Girolamo Savonarola (1452–1498), the religious reformer, preacher, and Florentine civic leader, was burned at the stake as a false prophet by the order of Pope Alexander VI. Tamar Herzig here explores the networks of Savonarola’s female followers that proliferated in the two generations following his death. Drawing on sources from the fifteenth and sixteenth centuries, many never before studied, transcribed, or contextualized in Savonarolan scholarship and religious history, Herzig shows how powerful public figures and clerics continued to ally themselves with these holy women long after the prophet’s death.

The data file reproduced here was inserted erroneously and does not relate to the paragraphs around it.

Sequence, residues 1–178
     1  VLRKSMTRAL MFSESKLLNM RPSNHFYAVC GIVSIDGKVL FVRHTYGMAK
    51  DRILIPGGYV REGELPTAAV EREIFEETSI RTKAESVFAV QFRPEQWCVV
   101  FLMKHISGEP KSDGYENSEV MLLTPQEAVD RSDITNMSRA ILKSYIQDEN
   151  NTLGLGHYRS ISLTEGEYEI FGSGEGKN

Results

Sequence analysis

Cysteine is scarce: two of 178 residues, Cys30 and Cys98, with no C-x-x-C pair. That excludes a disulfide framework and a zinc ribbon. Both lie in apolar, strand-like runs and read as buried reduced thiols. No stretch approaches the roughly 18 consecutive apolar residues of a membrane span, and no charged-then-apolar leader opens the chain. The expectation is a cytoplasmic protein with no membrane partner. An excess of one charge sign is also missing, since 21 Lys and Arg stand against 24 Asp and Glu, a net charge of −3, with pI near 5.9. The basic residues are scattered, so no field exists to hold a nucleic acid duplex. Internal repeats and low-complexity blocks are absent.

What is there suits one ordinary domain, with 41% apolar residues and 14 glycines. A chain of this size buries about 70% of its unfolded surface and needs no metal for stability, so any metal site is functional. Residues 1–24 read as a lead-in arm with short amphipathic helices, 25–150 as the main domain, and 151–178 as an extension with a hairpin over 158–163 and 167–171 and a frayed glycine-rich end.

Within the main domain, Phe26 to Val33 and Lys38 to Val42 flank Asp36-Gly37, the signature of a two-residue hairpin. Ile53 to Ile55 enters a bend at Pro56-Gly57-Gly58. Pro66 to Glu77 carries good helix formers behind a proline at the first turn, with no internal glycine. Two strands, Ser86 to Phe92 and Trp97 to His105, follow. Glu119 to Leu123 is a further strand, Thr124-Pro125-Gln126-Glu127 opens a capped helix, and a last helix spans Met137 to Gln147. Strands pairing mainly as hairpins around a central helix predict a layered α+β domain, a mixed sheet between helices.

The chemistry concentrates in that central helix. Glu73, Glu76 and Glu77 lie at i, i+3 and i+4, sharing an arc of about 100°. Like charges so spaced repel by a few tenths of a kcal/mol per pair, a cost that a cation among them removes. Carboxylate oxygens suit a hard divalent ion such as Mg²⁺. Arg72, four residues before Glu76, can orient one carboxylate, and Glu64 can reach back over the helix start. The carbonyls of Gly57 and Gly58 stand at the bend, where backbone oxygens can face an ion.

In their quest to stay true to their leader’s teachings, Savonarola’s female followers faced hostile superiors within their orders, local political pressures, and the deep-rooted misogynistic assumptions of the Church establishment. This unprecedented volume demonstrates how reform circles throughout the Italian peninsula each tailored Savonarola’s life and works to their particular communities’ regionally specific needs. Savonarola’s Women is an important reconstruction of women’s influence on one of the most important and controversial religious movements in premodern Europe.